Davenport's Eric Schallert should be aware of what's happening all over the country, particularly in exciting cities such as Chicago, Madison, and Seattle, where officials are taking a fresh look at the transportation grid. (See "Bikes and Cars Shouldn't Mix," River Cities' Reader Issue 636, June 6-12, 2007.)
Traffic engineers are actively working at putting into place vehicle and bicycle mixing on roadways that is both safe and beneficial to the communities and their citizens. Putting city drivers on bikes sure would ease the load on our jammed streets - and be a boost to our overall health in the bargain.
Taking People Where They Need to Be
I disagree with Eric Schallert's letter to the editor of June 6 stating that bikes and cars shouldn't mix. Mr. Schallert says he is "the professional engineer who designs the majority of street construction and replacement projects in Davenport." Perhaps he is the professional engineer who designed the 53rd Street traffic nightmare.
Bicycles play a vital role in moving people where they need to go in cities throughout the country and the world. Bikes are part of the traffic flow in Madison, Copenhagen, Portland. Of course, bike paths are safer, but most of the time they don't go where people need to be.
If we continue to depend on cars to move all the people, we will continue to see more gridlock. Bicycles should be allowed to be a bigger part of the equation. As long as we let "professional engineers" like Schallert design streets for cars and exclude pedestrians and bicycles, we will see more traffic congestion, more air pollution from idling engines, and more frustrated drivers.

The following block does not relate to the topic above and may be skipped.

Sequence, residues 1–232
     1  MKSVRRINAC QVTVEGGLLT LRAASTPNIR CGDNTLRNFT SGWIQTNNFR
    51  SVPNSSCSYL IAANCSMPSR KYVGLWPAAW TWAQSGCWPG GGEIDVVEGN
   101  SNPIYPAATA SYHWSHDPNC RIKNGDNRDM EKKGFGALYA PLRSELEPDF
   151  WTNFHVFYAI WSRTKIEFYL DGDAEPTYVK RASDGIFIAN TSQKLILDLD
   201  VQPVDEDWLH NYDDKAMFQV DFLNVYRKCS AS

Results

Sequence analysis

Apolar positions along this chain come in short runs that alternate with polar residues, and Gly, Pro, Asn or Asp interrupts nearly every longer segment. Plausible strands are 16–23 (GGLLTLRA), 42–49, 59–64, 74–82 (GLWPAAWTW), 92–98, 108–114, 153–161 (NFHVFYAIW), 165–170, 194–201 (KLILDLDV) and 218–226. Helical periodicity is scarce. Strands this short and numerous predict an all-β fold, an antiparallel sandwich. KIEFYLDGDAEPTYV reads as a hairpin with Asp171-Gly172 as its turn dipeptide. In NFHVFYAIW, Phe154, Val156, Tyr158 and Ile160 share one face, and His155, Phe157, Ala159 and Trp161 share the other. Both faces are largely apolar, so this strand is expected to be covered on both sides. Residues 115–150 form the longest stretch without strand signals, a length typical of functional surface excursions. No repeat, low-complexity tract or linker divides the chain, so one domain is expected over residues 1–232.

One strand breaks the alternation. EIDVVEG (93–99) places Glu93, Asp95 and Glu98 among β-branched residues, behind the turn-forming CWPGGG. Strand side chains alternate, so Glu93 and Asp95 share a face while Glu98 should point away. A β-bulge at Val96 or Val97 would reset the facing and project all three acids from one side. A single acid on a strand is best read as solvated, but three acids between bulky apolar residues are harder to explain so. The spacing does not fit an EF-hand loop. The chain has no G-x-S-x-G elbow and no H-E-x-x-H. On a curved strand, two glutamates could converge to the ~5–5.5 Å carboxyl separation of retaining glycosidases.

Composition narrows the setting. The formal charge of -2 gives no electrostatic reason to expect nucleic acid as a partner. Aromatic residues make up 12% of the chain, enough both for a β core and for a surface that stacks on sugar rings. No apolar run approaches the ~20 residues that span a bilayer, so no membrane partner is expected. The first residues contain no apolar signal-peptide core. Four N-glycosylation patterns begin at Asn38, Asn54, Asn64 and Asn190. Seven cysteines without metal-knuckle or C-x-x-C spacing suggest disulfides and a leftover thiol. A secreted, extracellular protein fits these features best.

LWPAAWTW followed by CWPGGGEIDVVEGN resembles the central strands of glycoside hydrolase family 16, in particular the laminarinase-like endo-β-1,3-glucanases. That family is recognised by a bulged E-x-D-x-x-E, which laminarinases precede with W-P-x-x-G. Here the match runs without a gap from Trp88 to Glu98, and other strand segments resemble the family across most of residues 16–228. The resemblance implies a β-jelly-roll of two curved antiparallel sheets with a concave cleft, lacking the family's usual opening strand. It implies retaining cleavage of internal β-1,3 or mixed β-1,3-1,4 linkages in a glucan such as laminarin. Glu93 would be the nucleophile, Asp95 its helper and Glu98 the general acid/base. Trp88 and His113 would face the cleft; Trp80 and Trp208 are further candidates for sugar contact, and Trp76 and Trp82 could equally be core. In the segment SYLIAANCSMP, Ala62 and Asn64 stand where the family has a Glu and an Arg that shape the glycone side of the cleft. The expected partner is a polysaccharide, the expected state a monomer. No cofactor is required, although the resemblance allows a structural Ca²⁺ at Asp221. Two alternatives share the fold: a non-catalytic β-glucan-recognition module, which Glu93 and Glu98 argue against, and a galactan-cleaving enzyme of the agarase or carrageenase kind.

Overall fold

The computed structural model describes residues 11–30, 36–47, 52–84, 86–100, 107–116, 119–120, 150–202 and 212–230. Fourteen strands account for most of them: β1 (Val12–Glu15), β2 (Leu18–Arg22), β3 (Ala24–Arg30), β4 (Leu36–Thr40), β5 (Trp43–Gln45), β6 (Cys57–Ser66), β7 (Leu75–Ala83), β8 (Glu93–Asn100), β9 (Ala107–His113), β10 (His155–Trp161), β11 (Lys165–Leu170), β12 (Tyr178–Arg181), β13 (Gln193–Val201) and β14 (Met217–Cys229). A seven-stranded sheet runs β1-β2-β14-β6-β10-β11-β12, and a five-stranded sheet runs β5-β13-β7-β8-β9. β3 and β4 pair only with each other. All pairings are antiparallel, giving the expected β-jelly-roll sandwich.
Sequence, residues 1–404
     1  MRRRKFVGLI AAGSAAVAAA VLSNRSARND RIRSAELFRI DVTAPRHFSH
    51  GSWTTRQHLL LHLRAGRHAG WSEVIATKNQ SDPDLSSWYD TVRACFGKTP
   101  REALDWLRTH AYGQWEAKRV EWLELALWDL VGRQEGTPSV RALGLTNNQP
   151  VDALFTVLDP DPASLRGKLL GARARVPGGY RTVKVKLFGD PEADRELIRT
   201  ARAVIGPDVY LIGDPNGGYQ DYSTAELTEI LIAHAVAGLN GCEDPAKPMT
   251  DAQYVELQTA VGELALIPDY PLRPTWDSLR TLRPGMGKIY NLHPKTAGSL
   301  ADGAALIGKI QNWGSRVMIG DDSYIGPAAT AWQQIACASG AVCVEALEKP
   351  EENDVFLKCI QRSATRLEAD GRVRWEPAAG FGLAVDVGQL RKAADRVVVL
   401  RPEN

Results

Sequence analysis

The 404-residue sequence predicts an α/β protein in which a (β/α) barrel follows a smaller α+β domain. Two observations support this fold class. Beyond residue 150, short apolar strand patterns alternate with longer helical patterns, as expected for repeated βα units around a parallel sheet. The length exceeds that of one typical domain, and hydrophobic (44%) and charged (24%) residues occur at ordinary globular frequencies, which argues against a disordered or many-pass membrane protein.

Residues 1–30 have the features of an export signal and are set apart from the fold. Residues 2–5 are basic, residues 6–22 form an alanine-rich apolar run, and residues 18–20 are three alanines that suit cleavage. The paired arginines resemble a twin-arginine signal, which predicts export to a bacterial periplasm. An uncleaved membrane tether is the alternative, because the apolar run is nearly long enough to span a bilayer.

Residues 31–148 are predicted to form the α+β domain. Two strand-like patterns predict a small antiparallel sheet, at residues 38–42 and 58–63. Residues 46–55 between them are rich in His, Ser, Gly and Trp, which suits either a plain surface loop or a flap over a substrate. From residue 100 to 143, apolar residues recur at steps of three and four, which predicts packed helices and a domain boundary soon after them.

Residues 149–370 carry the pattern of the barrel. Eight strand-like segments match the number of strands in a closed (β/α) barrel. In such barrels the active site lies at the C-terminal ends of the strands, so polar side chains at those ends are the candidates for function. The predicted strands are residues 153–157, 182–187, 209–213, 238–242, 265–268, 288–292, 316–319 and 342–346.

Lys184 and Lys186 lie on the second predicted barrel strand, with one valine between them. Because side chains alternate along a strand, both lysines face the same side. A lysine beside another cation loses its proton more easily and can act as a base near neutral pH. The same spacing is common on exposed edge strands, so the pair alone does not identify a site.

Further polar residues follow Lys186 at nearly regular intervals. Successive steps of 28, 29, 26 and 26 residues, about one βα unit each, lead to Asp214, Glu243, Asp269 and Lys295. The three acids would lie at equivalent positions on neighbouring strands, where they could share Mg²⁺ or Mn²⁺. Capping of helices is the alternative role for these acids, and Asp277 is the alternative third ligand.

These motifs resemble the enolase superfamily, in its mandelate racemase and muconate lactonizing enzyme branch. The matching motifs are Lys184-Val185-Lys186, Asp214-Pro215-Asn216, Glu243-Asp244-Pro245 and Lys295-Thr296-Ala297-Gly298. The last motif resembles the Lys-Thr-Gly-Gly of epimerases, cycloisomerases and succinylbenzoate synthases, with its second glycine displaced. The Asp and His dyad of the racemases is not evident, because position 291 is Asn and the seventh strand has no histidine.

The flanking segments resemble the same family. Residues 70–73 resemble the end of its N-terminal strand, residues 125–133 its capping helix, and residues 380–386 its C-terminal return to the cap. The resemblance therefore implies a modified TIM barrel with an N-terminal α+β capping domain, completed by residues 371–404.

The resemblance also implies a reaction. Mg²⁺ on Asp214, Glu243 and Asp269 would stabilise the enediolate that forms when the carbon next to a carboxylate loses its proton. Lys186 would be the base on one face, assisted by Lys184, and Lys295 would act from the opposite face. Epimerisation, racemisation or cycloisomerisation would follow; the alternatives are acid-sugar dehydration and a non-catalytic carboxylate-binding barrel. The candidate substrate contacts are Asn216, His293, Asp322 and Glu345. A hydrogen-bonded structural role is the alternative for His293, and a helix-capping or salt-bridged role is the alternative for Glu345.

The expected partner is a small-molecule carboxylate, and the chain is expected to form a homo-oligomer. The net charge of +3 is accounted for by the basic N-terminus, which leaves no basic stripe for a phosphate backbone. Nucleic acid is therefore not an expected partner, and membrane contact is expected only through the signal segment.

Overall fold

Rock Island has already begun to paint bike lanes on some streets, with more to come. Streets are the common areas we use to get from place to place. Everyone should have the right to use them safely.
Pleasant Valley, Iowa
Improving Our Viability
I hope that Mr. Schallert's unwillingness to consider better solutions to transportation, safety, and environmental issues makes it to the desk of the mayor. Mr. Winborn's recent vocal and practical support of bike-to-work week shows that at least some leaders in the community are willing to take steps that will improve the viability of our area on par with Madison or Portland.
If Mr. Schallert has his way, we'll merely continue to pave over acres and acres of cornfields to make way for additional cars that likely only have one passenger. If he is the "professional engineer" who came up with the design for the 53rd Street corridor, I think his bosses need to reconsider his qualifications.
(Via the River Cities' Reader Web site.)